Gambling mecca hits hard times

Inside the casino at Resorts World Catskills in Monticello. The gambling mecca has lost money every quarter since it opened in February 2018, showcasing how New York’s newest casinos are already struggling for survival, as an oversaturated market has cannibalized gaming revenue. Ben Sklar/New York Times

MONTICELLO — It was once thought to be a sure thing, a $1.2 billion gambling mecca that carried long-held hopes of revitalizing the Catskills, and more recent expectations of driving Gov. Andrew M. Cuomo’s upstate development program.

But Resorts World Catskills, roughly 85 miles northwest of New York City, has lost money every quarter since it opened in February 2018, dragged into the red by a combination of underwhelming attendance and nine-figure loans.

Last month, the largest stockholder of Empire Resorts, the company that operates the casino, argued that it should go private because it no longer believed it had “any reasonable prospect for becoming financially self-sustaining in the future.”

The company’s most recent filing with the Securities and Exchange Commission showed a $36 million loss in the second quarter of 2019, after a $37 million loss in the first three months. The company warned that it may seek bankruptcy protection if it does not secure financing.

Things had gotten so bad that Empire Resorts successfully petitioned the New York state Gaming Commission to reduce the number of slot machines required on its gaming floors, a move that would artificially increase the casino’s win per unit — a key barometer for casinos.

But Resorts World Catskills is far from alone in feeling the pain: All four of the state’s newest casinos have underperformed expectations, swamped by competition in an already-saturated gaming market.

The same challenge has faced casinos across the country, as states attracted to the promise of tax revenues and jobs have engaged in a kind of brinkmanship that divides already-served markets into smaller and smaller pieces.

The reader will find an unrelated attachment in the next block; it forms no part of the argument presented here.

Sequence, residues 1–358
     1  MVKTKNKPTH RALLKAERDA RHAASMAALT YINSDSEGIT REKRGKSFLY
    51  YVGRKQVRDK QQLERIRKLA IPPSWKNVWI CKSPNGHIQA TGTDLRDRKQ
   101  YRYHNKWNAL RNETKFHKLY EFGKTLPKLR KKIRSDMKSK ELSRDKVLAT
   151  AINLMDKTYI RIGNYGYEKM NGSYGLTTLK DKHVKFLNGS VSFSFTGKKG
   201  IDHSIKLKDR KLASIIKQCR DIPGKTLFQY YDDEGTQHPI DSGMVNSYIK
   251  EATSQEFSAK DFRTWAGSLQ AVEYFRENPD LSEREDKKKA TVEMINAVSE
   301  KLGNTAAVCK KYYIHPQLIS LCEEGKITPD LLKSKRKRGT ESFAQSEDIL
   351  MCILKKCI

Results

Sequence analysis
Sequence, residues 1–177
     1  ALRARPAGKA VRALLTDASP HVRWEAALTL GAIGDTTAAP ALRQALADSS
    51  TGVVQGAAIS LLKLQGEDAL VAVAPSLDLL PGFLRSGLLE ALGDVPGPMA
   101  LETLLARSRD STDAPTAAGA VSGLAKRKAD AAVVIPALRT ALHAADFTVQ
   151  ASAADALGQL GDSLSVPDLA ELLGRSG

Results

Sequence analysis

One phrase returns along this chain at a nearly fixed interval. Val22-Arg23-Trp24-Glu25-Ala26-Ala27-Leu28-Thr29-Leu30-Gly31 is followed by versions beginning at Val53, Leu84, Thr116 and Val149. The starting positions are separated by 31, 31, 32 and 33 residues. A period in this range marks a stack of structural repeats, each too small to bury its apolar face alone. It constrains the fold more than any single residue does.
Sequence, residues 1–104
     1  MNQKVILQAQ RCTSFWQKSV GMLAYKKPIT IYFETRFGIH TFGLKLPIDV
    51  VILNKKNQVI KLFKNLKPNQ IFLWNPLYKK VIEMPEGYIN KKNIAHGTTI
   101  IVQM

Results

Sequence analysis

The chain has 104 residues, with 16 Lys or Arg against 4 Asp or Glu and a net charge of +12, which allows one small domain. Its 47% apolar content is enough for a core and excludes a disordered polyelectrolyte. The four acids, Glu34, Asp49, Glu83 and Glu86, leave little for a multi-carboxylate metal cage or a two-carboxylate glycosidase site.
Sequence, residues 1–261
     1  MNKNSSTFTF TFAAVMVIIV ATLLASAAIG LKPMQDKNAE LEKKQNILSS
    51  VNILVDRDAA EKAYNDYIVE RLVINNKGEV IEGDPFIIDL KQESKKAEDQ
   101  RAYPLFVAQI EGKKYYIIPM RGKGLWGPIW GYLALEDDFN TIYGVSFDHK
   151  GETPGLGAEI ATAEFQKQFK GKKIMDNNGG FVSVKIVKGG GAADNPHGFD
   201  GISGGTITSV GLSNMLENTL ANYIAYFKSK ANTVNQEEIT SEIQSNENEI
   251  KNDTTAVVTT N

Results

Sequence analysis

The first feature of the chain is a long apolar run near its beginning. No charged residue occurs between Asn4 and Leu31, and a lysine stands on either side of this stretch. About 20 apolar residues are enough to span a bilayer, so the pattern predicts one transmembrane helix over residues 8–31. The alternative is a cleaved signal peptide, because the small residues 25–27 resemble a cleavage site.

“In the early days, it was build it and they will come, and that worked for a long time,” said Alan Woinski, a gambling industry analyst and consultant. “That was great when you only had a casino in every other state. Now it’s like a war.”

By the time New York opened its first full-fledged casinos, the state already had five tribal casinos (including Akwesasne Mohawk Casino Resort in Hogansburg) and more than a half-dozen so-called racinos, which offer slotslike video lottery terminals at racetracks.

“None of this is a shock,” said Harold L. Vogel, a longtime gambling industry analyst. “We know that there are so many states that have legalized different forms of gambling. And New York state, in particular, was late to the game.”

New York has also been slow to embrace sports wagering; although casinos are allowed to take sports wagers, the state has not authorized mobile betting — a method that has helped propel New Jersey past Nevada in sports betting handle.

Cuomo, a third-term Democrat, has repeatedly defended the gaming expansion as a no-cost-to-the-state way to provide much-needed jobs, both in construction and the facilities themselves.

Those promises have largely held true, with significant caveats: The construction jobs were temporary, and many casino jobs are low paying, with dealers making a statewide mean salary of about $35,000 a year, according to the State Labor Department.

“We did the casinos in upstate New York, not because it was the greatest industry in the world, but because upstate New York’s economy’s been suffering for decades,” Cuomo said in a radio interview last month. “The casinos have brought thousands and thousands of jobs to upstate New York and invested billions of dollars.”

State officials have talked about the millions poured into state and local tax coffers as a result of the expansion, in addition to $171 million in license fees paid by the four new casinos. The casinos pay a tax of anywhere from 37% to 45% on slots revenue, as well as 10% on revenue from table games like craps and roulette.

The state’s seven tribal casinos pay lower rates, and the owners of the new casinos have actively lobbied lawmakers to lower their own rates. That inequity has been particularly vexing for casinos in Western New York, where the Seneca tribe has been in a protracted legal dispute with the state and has refused to pay any revenue for more than two years.

Competition also continues to increase, both in terms of locations and options for gaming. In late June, a $2.6 billion casino opened in Boston, and last August, MGM opened a casino in Springfield, Mass., just 60 miles from New York’s eastern border.

Casino officials are still hopeful that mobile sports wagering will be permitted in New York; some state lawmakers suggest that it will be a top priority in January, when the next legislative session starts.

“We are very optimistic,” said state Sen. Joseph P. Addabbo Jr., D-Queens, who chairs the Racing, Gaming and Wagering Committee.

New York Times


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